BGYB51: Chapter 2 (Pages 37 – 49 and 53 – 65)
The Pattern of Evolution
The first scientist to give a definition of species, John Ray, states that “…[O]ne species never
springs from the seed of another.”
The Theory of Special Creation had been the leading explanation in Europe for the origin of
species until a certain point where scholars began to challenge that notion (i.e. when Darwin
started to study biology seriously) and research in biology and geology grew rapidly to disprove
Darwin drew up evidence suggesting that the pattern of life’s history is different than is claimed
by Special Creation. (Read Page 39 for elaboration)
1. Species are not immutable, but change through time
2. Species are derived not independently, but from common ancestors
3. The Earth and life are considerably more than 6 000 years old.
Darwin also introduced a process to explain this pattern called natural selection
2.1 Evidence of Change through Time
Evidence from Living Species
The living evidence for descent with modification comes in two forms:
o By monitoring natural populations, we can directly observe small scale change (i.e.
o If we examine the bodies of living organisms, we can find evidence of dramatic change
Direct Observation of Change Through Time
o Read examples of the change of the Soapberry bug over time on Page 40
o A vestigial structure is a useless or rudimentary vision of a body part that has an
important function in other, closely allied species (e.g. the remnant hind limbs on the
o Humans have muscles attached to the hair follicles that make hair stand up when cold,
intimidated, or needed to seem bigger. These muscles are effective for animals that are
very hairy like chimpanzees. Most of us are not that hairy (except some of you hormone
excessive freaks), and thus the result of these muscles contracting is goose bumps. This
implies that we descended from ancestors who were hairier than us.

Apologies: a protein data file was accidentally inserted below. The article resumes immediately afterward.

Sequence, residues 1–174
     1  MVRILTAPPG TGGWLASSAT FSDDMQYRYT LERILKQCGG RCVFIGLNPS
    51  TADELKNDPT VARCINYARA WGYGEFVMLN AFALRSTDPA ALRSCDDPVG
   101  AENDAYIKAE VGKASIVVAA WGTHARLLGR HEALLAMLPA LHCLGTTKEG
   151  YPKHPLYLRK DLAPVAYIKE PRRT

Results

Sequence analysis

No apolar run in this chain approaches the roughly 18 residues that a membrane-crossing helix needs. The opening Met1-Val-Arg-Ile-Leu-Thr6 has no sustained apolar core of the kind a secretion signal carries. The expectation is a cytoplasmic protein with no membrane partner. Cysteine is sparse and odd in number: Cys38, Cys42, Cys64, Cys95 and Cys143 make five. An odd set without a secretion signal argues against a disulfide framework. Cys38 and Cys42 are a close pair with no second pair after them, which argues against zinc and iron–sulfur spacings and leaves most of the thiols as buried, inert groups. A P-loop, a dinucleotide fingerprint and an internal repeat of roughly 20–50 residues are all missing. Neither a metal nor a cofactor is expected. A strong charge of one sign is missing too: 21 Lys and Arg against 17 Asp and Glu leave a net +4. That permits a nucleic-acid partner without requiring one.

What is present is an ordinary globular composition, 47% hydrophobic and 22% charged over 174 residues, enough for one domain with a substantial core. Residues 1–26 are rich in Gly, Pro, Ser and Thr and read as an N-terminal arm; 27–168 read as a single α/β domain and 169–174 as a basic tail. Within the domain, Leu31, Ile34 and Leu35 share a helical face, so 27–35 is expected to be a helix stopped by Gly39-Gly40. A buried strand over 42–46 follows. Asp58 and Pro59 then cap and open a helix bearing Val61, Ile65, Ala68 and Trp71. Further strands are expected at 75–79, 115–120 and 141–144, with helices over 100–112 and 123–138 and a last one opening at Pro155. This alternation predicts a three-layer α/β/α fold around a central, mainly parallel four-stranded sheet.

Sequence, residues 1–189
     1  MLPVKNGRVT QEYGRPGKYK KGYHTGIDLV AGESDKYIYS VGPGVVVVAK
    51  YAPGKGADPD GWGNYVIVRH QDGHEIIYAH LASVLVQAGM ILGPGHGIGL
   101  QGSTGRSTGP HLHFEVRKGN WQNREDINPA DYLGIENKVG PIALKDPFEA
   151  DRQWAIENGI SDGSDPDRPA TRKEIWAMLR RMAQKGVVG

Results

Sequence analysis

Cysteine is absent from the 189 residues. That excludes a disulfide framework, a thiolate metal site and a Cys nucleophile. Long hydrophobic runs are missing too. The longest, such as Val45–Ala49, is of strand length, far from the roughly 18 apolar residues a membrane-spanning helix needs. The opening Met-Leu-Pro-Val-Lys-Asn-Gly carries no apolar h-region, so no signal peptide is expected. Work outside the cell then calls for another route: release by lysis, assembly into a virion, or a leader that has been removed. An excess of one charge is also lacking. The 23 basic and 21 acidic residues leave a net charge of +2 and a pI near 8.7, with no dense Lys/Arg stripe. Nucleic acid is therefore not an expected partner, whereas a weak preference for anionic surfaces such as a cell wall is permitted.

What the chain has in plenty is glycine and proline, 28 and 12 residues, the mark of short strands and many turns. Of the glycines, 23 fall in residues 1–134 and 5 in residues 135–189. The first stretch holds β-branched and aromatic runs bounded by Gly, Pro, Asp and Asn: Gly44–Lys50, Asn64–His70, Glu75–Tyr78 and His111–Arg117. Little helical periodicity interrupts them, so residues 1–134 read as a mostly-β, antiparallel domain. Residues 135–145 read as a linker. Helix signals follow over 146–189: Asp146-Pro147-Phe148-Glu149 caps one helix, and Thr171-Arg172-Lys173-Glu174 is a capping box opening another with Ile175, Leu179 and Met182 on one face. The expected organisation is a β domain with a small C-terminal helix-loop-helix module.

o Read page 42 for more examples
o Vestigial traits also occur at a molecular level.
Humans have one on chromosome 6; a DNA sequence that looks like a gene for
the enzyme CMAH
It is actually disabled by a 92-base-pair deletion and humans cannot
Chimpanzees however are able to
This explains that the human race must have descended from a common
ancestor with the chimpanzees
o Read page 43 for more examples Evidence from the Fossil Record
Fossil: a trace of any organism that lived in the past
Fossil record: the total, worldwide collection of fossils
The Fact of Extinction
o The fact that many species have gone extinct suggests that Earth’s flora and fauna have
changed over time (an example of this on page 44 and 45).
The Law of Succession
o Fossils and living organisms in the same geographic region are related to each other and
are distinctly different from organisms found in other areas (e.g. Australia and
o The mammalian faunas of two continents are obviously different, yet each continent’s
extant fauna is strikingly similar to the continent’s recent fossil forms the law of
o The resemblance between living and fossil forms in the same region suggests that living
organisms are descended with modification from earlier species.
o Darwin asserted that species are descended with modification from earlier form and
that fossils represent pas populations, some of which were ancestors of species alive
o If this is the case, the fossil record should capture evidence of transformation.
Transitional species should show a mix of features of the ancestral population as
well as novel traits of later descendants.
Guess what? THEY DO!
o A great example is the Archaeopteryx. It was a birdlike creature with a dinosaurian
appearance. This species demonstrates the past existence of species intermediate in
form between dinosaur and bird.
It also indicates that birds became birds by first developing features before the
skeletal and muscular modifications associated with flight of modern day birds
o Read page 48 & 49 for more examples and see Figure 2.13 for a sick picture explanation
Evidence of Descent with Modification
The evidence shows that species change over time on a microevolutionary scale (e.g. soapberry
bugs evolving shorter beaks)
Evidence also shows that species change over time on a macroevolutionary scale (e.g. birds from
2.2 Evidence of Common Ancestry
Some species appear to be in the process of splitting into two. Freely interbreeding populations
connect the entire species, but members of certain populations do not interbreed (e.g. greenish
Read example on page 53.
The study of likeness Structural and Developmental Homology
o Organisms show curious similarities in s